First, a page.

Of the 102 doctors contacted, 86 (84.3%) replied. Of those, 88.4% (76) worked in Primary Care and 11.6% were from Emergency Services (10); 72% (62) had more than 20 years of work experience and 25.6% (22) had between 16 and 20 years. 77.9% (67) of the doctors had, in addition to their clinical duties, other responsibilities, principally teaching students and residents and administrative duties in committees or working groups; 16.3% (14) had additional non-medical responsibilities. 91.9% (79) had family responsibilities. 53.5% (46) of the respondents saw an average of 31-40 patients per day, 16.3% (14) saw between 21 and 30 patients, and 15.1% (13) attended more than 40 patients every day.

88.4% (76) of the physicians stated that they were satisfied with their work both personally and professionally, only 3 (3.5%) felt unsatisfied, and 7 (8.1%) were not sure how to respond. Additionally, they were asked if their work was a source of satisfaction and whether they enjoyed it: just over half EFPs (45; 52.3%) stated that they always or almost always enjoyed it, 36 EFPs (41.9%) said they typically enjoyed it, one doctor (1.2%) only enjoyed it sporadically, and 4 (4.6%) stated that they “suffered” from their work, which was a burden.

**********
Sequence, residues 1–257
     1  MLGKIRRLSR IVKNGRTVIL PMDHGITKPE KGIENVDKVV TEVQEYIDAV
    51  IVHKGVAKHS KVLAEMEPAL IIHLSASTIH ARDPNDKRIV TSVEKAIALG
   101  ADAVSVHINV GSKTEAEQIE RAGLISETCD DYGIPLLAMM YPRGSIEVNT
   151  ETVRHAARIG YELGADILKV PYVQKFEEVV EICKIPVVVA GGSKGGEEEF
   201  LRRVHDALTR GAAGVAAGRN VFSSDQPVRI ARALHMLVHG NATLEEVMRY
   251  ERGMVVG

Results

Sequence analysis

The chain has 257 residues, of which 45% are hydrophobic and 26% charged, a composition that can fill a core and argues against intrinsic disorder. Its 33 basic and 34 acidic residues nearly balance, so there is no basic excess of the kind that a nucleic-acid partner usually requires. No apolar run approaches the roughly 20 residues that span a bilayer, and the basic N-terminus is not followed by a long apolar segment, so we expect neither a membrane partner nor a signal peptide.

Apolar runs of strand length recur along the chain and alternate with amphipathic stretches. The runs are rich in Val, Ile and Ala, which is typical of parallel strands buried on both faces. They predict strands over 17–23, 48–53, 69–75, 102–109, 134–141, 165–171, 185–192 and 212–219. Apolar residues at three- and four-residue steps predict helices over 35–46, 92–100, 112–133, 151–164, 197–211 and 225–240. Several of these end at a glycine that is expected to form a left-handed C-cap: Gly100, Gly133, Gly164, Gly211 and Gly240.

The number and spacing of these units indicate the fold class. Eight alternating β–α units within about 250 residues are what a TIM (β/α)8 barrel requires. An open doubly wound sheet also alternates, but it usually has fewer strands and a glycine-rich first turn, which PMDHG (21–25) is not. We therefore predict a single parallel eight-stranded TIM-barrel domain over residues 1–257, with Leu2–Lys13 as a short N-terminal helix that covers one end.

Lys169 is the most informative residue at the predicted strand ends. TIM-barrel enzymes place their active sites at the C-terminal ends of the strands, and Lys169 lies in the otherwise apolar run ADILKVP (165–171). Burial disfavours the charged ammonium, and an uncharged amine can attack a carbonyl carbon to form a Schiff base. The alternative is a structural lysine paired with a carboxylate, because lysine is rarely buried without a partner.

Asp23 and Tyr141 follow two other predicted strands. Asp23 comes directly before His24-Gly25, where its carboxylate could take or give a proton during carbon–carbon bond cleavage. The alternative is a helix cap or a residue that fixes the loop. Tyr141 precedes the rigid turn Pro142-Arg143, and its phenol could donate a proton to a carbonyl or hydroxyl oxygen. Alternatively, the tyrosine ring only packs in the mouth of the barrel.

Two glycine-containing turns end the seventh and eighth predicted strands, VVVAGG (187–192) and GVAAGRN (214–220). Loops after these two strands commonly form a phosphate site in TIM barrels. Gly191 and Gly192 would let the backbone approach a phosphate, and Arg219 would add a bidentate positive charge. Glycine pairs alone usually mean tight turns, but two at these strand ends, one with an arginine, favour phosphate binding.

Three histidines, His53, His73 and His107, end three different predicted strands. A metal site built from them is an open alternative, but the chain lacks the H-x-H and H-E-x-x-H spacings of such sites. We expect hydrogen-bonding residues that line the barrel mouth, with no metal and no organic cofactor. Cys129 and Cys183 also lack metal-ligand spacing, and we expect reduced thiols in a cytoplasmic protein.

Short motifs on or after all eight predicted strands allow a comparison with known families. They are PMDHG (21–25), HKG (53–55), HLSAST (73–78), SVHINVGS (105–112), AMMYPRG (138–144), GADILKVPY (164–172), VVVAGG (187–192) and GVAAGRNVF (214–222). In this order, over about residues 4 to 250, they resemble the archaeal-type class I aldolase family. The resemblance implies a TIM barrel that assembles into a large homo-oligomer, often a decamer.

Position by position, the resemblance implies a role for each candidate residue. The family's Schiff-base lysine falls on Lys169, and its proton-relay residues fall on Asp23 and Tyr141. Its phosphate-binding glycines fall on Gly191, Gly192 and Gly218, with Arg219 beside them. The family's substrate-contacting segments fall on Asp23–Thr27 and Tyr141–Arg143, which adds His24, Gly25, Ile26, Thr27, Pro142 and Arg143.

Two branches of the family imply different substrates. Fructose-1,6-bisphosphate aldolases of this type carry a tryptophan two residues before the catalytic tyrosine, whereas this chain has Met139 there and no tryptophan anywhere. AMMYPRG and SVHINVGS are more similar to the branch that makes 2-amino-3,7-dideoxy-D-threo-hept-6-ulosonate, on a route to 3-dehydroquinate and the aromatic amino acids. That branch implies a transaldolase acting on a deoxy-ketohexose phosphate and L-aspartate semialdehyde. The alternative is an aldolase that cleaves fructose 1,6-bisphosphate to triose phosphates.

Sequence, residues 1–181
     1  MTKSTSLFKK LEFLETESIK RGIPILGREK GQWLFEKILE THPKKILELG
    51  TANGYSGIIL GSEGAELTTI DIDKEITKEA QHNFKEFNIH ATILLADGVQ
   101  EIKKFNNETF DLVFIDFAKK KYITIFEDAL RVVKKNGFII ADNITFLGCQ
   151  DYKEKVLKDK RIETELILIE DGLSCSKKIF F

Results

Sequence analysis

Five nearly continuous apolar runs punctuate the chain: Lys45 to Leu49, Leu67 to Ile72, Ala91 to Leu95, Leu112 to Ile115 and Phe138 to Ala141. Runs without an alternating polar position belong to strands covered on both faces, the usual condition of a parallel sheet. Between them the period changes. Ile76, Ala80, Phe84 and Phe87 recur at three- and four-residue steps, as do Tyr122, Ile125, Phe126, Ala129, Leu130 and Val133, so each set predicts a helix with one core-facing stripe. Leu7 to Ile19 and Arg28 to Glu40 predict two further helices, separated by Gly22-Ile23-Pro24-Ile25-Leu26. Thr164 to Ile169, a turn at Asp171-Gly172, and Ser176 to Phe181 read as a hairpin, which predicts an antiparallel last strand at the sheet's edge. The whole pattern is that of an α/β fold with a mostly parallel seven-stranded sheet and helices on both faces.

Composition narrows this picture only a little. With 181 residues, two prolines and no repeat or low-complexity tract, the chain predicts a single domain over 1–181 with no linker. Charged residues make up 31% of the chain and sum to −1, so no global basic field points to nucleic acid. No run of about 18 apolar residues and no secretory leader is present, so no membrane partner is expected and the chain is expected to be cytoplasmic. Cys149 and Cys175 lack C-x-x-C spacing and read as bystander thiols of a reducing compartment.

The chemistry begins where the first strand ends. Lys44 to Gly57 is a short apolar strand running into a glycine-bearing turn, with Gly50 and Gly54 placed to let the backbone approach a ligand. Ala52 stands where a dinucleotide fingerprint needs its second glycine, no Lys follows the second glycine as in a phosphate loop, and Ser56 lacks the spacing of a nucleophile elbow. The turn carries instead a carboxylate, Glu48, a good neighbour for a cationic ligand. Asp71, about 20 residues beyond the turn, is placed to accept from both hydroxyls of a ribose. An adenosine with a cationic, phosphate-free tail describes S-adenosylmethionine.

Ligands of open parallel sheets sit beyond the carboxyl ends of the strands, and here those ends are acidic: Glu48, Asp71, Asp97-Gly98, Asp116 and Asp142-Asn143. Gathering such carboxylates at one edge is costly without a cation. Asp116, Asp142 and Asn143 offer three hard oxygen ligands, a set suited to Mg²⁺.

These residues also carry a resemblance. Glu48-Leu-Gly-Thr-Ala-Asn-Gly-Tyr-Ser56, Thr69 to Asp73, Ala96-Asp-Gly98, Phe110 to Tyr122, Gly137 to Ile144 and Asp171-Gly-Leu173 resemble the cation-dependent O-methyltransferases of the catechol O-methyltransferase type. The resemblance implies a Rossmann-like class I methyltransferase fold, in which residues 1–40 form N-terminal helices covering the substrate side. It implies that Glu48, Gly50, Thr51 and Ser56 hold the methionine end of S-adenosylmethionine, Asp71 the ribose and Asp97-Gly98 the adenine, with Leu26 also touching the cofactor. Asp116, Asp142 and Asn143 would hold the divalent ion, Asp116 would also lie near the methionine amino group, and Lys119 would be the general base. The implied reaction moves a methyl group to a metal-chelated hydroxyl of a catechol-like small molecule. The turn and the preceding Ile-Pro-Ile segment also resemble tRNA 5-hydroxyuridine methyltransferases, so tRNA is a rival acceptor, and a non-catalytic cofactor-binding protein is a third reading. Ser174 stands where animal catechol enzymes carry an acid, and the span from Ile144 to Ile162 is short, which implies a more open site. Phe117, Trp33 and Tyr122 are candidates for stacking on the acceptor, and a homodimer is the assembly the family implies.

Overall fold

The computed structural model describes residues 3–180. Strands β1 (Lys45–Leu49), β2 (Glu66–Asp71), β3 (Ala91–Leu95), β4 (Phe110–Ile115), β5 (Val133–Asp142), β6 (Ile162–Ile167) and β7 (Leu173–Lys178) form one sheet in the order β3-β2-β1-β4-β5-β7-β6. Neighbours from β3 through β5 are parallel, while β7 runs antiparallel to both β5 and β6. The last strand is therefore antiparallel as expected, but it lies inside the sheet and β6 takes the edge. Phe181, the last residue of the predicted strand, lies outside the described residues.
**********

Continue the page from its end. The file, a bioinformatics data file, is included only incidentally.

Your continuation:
Tables 2, 3, 4 and 5 list the categories and subcategories identified with examples of the most representative statements received regarding the main reasons why EFPs enjoy their work (the most satisfactory aspects) (question 8; 149 comments), the causes of dissatisfaction or distaste with their work (question 9; 202 comments), the resources that these EFPs routinely employ to attempt to address these difficulties (question 10; 135 comments), and the elements they consider important for effective and rewarding clinical performance (referred to in question 11 as ‘advice to beginners’; 131 comments), respectively.

Table 2 Elements of their clinical performance that exemplary physicians report as rewarding
Table 3 Main difficulties or aspects of regular work that generate dissatisfaction for exemplary doctors
Table 4 Type of resources or strategies applied by exemplary family physicians to resolve difficulties
Table 5 Personal attributes that exemplary family physicians believe support effective and rewarding clinical practice in family medicine